Over the last week, the media has been reporting on a new mobile malware called SVPENG. Though widely regarded as a new threat, this malware had already been under investigation by Trusteer’s security team in 2013, when it was discovered in its testing phases. It was presented and discussed February this year during IBM’s Pulse conference.
Overview of SVPENG: The First of Its Kind
SVPENG is a piece of mobile malware that may well be the first PC-grade malware for mobile devices. While the security industry has identified multiple types of threats to mobile devices, they were mostly made up of SMS-forwarding malware (targeting one-time password SMSs) or rogue applications. SVPENG is unique in the sense that it utilizes a known PC malware technique to trick users into providing the malware with credentials. It disguises itself as an Adobe Flash Player update, although this may change. Once it infects the device and receives administrative privileges, it runs three processes, one of which is responsible for launching the overlay attack.
The overlay attack springs into action as soon as the victim clicks on his or her banking app. Following a click on the app, SVPENG generates a screen that is visually similar to the app the user launched, which is presented on top of the actual app. This fools the victim into thinking that he or she is interacting with the legitimate app, but are actually feeding credentials to the malware. While this is not a typical HTML injection attack as we know them from the PC world, these types of overlay attacks have been around for years, mostly dominating the threat landscape in Brazil.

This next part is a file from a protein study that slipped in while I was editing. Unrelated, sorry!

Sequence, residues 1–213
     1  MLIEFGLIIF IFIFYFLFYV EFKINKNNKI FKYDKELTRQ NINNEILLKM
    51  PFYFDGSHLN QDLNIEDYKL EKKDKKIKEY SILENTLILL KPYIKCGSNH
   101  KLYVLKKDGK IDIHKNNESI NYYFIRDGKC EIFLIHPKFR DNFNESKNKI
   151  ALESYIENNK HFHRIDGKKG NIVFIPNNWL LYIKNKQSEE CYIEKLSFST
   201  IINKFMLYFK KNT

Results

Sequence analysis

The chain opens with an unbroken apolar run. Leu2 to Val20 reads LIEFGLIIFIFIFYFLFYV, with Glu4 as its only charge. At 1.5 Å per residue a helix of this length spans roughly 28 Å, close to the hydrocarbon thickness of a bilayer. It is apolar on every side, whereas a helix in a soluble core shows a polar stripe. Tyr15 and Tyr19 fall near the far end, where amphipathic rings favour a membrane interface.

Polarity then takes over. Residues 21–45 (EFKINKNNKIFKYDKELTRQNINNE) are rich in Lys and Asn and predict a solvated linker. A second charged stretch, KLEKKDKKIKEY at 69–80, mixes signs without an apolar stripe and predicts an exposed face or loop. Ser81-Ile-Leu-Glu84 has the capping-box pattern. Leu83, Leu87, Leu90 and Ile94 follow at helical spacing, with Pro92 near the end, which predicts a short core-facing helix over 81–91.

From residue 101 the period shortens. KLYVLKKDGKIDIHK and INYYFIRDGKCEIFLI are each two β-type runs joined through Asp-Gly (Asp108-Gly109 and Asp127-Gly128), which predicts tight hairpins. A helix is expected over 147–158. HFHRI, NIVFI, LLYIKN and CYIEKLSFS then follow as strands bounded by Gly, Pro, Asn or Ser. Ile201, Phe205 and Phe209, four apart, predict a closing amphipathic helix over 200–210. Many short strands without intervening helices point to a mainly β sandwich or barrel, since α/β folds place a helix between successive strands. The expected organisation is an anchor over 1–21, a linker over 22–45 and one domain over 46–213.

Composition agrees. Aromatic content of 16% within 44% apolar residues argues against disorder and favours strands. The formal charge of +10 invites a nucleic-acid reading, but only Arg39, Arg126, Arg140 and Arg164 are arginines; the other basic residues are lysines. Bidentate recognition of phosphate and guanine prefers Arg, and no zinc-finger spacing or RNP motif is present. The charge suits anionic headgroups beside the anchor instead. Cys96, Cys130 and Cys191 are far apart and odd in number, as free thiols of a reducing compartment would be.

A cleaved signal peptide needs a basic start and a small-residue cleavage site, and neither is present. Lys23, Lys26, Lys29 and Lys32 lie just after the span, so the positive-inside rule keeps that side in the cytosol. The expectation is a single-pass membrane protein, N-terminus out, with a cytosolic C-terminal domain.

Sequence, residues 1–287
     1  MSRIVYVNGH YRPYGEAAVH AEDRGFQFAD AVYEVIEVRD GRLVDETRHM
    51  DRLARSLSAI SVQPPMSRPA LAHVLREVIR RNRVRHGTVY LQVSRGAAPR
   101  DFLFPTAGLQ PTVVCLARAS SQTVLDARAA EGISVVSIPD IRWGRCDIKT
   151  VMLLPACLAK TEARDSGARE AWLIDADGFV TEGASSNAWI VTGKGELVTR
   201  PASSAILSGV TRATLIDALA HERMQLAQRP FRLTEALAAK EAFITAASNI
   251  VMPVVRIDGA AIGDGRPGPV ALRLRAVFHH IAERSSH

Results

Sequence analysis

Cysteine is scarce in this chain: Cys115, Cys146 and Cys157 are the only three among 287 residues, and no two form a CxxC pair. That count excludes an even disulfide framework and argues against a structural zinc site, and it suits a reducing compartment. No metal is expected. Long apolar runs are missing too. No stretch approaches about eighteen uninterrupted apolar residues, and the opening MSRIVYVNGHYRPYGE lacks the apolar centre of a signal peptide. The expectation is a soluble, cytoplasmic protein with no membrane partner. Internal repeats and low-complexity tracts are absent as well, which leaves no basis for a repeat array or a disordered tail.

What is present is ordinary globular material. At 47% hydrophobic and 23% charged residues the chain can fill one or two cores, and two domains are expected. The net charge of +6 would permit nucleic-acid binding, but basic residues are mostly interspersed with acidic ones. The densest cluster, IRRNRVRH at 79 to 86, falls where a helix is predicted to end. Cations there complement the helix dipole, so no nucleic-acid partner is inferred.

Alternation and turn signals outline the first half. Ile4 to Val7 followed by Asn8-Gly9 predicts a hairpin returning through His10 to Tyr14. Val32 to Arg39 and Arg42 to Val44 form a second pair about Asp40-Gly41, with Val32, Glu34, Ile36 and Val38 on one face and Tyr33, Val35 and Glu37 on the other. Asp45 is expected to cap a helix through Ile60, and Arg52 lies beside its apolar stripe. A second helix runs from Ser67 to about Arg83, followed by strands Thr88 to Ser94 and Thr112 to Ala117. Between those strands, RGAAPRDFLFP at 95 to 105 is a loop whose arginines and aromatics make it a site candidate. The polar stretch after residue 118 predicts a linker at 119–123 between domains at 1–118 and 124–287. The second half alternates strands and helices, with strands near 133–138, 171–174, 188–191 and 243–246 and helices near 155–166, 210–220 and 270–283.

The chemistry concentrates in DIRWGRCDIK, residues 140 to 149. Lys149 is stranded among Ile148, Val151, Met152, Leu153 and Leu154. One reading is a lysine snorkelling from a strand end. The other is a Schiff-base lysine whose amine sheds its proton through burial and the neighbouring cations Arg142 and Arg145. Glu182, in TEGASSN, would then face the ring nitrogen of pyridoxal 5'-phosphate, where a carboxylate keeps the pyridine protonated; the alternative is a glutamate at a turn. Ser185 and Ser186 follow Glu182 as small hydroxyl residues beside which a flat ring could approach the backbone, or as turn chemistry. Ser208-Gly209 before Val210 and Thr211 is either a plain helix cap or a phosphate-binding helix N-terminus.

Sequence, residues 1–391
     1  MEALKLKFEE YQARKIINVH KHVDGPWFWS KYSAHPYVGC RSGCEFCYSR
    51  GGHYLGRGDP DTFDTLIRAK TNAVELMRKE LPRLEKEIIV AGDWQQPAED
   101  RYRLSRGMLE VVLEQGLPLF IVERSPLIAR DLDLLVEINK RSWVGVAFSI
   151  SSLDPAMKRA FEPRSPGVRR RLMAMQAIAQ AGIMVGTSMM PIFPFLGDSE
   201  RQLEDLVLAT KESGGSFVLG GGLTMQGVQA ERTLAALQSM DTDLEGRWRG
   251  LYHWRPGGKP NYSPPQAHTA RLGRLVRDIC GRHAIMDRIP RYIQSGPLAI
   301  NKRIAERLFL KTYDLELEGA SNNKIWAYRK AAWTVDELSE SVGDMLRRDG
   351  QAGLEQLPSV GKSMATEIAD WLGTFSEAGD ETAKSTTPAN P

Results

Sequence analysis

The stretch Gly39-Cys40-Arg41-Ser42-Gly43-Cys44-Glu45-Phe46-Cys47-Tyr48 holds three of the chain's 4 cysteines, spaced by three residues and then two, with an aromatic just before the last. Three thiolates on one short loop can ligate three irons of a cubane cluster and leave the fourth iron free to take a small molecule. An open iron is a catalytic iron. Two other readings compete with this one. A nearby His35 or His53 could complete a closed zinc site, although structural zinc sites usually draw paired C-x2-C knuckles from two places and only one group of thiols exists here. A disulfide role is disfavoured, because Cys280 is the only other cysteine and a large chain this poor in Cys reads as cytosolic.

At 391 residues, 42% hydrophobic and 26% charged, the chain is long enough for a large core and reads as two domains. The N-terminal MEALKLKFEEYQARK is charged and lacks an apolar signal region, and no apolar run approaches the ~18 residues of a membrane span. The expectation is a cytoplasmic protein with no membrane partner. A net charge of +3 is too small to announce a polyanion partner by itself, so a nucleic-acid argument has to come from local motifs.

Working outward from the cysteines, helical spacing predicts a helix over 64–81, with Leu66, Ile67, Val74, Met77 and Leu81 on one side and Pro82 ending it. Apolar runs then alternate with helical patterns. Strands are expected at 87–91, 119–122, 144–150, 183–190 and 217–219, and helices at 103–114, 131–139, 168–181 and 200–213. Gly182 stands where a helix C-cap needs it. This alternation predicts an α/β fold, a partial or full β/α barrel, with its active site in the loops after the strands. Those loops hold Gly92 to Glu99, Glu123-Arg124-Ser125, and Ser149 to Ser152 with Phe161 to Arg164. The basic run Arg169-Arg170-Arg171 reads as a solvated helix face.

In addition to the overlay attack, SVPENG is also capable of launching a ransomware attack on the infected device. Just as PC ransomware attacks scare and force the victim into paying the attacker money to regain control or access to the infected device, so too, does SVPENG on mobile devices. Users receive a message, which claims to have been sent by the FBI, explaining that the infected device has been used to access child pornography sites and has been locked until a $500 dollar fine is paid via MoneyPak; the authors of SVPENG simply adopted a technique that has been successful on PCs to the mobile world.
Stopping the Spread of SVPENG
Julia Karpin and Lior Keshet of Trusteer’s security team have been researching SVPENG since its early days when it was still being tested by its creators. This early detection allowed Trusteer, now an IBM company, to develop countermeasures that were immediately implemented into the product line, thus allowing immediate detection of the threat. Trusteer Mobile SDK and Trusteer Mobile App Secure Browser are both capable of identifying this threat, allowing financial institutions to raise the risk associated with the infected device and the account.